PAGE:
Body composition was measured at both deployment and recovery using the truncated cones technique , . Girth and length measurements were taken at 8 locations along the body. Blubber thickness was measured using a handheld ultrasound backfat meter (Scanoprobe, Ithaca, NY) at 18 locations, 3 per girth measurement (except at the head and tail). Mass of the seal at instrument deployment and recovery was measured directly by suspending the seal in a canvas sling from a tripod using a Dyna-Link scale (1,000+/−1 kg). Instruments were attached 6.6 ± 5.4 days prior to departure from the colony and were removed 5.4 ± 4.6 days after return. These lags were of sufficient duration to warrant correction of mass and energy gain estimates. Mass of females at the exact departure and arrival date was estimated from mass measured during deployment (or recovery) using equations derived from serial mass measurements of fasting female seals from previous studies [mass change (kg d−1) = 0.51+0.0076 * mass, n = 27, r2 = 0.79, p<0.01; ]. After arrival from the post-molting migration (i.e. the breeding season), the seals were observed on a daily basis to determine their pup’s birth date. The recovery procedure was always after parturition and the mass of the pup was added to that of the female. Adipose and lean tissue gain was estimated from mass change and body composition, assuming body composition at arrival (or departure) was similar to that during the recovery (or deployment) and that the pup at five days post-partum was 13% adipose tissue . Energy gain was estimated assuming that adipose tissue was 90% lipid, lean tissue was 27% protein with a gross energy content of 37.33 kJ g−1 for lipids and 23.5 kJ g−1 for protein . These estimates of body composition have been validated against those from dilution of isotopically-labeled water .
Table 3. Mean (± S.D.) track parameters by year, season, and tagging location (ANNU - Año Nuevo, California and SABE - Islas San Benito, Mexico).doi:10.1371/journal.pone.0036728.t003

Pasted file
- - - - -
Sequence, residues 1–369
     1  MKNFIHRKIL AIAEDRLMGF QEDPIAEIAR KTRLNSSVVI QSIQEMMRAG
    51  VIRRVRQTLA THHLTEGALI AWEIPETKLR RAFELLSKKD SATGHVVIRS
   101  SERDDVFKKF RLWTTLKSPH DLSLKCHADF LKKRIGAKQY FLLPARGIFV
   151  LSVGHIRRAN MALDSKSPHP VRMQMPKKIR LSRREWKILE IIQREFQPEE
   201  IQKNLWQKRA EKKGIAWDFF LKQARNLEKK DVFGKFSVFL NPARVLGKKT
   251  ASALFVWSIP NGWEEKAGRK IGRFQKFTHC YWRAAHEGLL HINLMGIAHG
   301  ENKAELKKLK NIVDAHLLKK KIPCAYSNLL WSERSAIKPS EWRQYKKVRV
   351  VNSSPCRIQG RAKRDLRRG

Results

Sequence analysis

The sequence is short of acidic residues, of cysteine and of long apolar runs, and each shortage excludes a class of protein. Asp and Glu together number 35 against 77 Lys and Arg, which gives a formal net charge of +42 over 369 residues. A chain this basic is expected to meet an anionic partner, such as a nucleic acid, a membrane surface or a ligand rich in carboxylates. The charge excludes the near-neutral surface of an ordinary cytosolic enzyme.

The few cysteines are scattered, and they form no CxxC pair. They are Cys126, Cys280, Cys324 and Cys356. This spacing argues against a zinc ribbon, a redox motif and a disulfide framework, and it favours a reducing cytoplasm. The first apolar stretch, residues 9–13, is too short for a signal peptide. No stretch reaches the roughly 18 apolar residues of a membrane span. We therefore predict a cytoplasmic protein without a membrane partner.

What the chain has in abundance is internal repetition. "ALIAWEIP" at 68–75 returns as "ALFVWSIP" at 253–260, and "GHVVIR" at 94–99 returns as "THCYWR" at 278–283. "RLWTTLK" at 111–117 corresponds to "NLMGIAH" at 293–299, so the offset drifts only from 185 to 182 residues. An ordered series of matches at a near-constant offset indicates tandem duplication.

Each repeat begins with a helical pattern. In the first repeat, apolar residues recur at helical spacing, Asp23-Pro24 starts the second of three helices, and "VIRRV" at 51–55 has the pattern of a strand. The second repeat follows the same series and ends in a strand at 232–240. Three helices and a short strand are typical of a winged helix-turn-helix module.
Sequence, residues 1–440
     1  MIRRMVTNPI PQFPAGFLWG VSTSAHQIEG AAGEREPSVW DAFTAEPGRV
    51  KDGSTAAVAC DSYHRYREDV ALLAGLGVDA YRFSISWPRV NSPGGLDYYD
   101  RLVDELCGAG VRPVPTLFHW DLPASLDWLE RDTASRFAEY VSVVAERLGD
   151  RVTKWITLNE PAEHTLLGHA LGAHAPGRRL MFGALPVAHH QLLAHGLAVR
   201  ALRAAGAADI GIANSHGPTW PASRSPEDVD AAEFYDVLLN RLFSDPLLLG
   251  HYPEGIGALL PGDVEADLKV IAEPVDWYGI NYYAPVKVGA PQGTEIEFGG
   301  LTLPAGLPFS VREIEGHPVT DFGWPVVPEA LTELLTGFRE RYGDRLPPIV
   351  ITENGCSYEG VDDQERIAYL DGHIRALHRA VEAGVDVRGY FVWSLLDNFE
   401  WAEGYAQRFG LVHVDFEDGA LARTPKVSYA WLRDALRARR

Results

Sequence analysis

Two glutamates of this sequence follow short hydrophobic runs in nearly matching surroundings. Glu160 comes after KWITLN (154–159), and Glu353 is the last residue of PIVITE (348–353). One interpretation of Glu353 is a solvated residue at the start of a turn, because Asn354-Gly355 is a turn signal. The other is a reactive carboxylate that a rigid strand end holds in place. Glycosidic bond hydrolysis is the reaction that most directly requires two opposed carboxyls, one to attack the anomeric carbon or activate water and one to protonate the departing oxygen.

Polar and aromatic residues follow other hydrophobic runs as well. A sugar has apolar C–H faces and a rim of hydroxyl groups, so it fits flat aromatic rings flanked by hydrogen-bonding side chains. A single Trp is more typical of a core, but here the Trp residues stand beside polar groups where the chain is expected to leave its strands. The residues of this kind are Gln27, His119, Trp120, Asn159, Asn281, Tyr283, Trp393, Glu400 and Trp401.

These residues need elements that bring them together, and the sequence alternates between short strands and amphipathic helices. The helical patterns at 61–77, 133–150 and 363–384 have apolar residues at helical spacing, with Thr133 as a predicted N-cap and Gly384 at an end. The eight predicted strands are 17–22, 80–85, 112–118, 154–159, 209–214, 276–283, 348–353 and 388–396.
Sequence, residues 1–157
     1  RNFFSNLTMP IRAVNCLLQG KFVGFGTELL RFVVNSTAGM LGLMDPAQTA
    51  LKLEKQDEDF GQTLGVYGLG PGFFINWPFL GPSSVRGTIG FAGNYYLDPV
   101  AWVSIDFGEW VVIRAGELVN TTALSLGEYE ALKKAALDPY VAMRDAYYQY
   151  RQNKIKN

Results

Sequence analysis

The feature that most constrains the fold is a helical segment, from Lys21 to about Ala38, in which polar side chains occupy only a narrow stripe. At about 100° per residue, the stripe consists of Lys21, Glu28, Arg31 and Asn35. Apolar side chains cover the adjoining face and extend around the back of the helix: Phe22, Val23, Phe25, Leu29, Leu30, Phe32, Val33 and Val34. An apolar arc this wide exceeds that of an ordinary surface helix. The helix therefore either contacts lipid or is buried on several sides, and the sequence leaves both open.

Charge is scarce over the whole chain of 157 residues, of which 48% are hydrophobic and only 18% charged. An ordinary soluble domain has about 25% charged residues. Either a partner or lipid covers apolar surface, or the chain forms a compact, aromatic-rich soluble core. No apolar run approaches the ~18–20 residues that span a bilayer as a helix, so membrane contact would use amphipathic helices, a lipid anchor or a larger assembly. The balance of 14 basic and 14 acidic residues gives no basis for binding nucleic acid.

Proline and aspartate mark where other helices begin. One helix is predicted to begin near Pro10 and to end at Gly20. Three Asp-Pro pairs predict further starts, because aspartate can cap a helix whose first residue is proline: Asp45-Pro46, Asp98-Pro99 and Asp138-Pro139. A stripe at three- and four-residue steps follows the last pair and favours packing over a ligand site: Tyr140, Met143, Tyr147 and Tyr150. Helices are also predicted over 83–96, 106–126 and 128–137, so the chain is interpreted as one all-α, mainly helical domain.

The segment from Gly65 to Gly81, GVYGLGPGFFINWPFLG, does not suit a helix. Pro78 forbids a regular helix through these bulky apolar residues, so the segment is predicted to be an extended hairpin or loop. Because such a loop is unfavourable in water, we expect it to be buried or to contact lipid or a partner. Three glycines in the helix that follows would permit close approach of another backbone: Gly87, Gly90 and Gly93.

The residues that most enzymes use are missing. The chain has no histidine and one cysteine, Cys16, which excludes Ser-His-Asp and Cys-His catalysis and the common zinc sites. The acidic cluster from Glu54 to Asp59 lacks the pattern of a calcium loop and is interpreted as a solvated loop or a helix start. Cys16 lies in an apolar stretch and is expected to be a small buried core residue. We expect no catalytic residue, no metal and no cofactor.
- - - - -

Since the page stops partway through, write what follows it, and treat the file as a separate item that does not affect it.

Track Data Pre-processing
Raw ARGOS/GPS tracks were truncated according to departure/arrival times identified using the diving record, then processed using a speed/turn-angle filter to remove unlikely position estimates (thresholds: 12 km hr−1 and 160°). The filter also examined the secondary position calculations reported by ARGOS and replaced the erroneous primary positions if the speed/angle filter criteria were met. Due to a high prevalence of poor quality ARGOS location classes (predominantly A and B), we used a state-space model to smooth the tracking data and obtain hourly position estimates using the CRAWL package in R ,  that incorporates estimates of at-sea ARGOS error .
Table 4. Mean (± S.D) diving parameters by year, season, and tagging location (ANNU - Año Nuevo, California and SABE - Islas San Benito, Mexico).doi:10.1371/journal.pone.0036728.t004
Time-depth Recorder Data Pre-processing
Diving data were collected at sampling intervals between 1 s and 8 s and were sub-sampled to 8 s to facilitate comparison. Three instruments sampled with a 20-second frequency, but were otherwise similar. The raw time-series of depth measurements were analyzed in MatLab using the IKNOS toolbox (Y. Tremblay, unpublished). Dives were retained only if exceeding 32 s in duration and 15 m in depth. All dives were then classified into one of four dive types (each with a putative function) using a forced-choice classification program: active-bottom (pelagic foraging), flat-bottom (benthic foraging), drift (food-processing/rest), or v-shape (transit) .
Figure 5. Mean daytime dive depth for northern elephant seals from Año Nuevo, CA seals with a matched and complete diving and tracking record from 2004-2010 (n = 95).
Dives are shallower in the northern half of the sub-arctic gyre and coastal regions compared to the transition zone waters.doi:10.1371/journal.pone.0036728.g005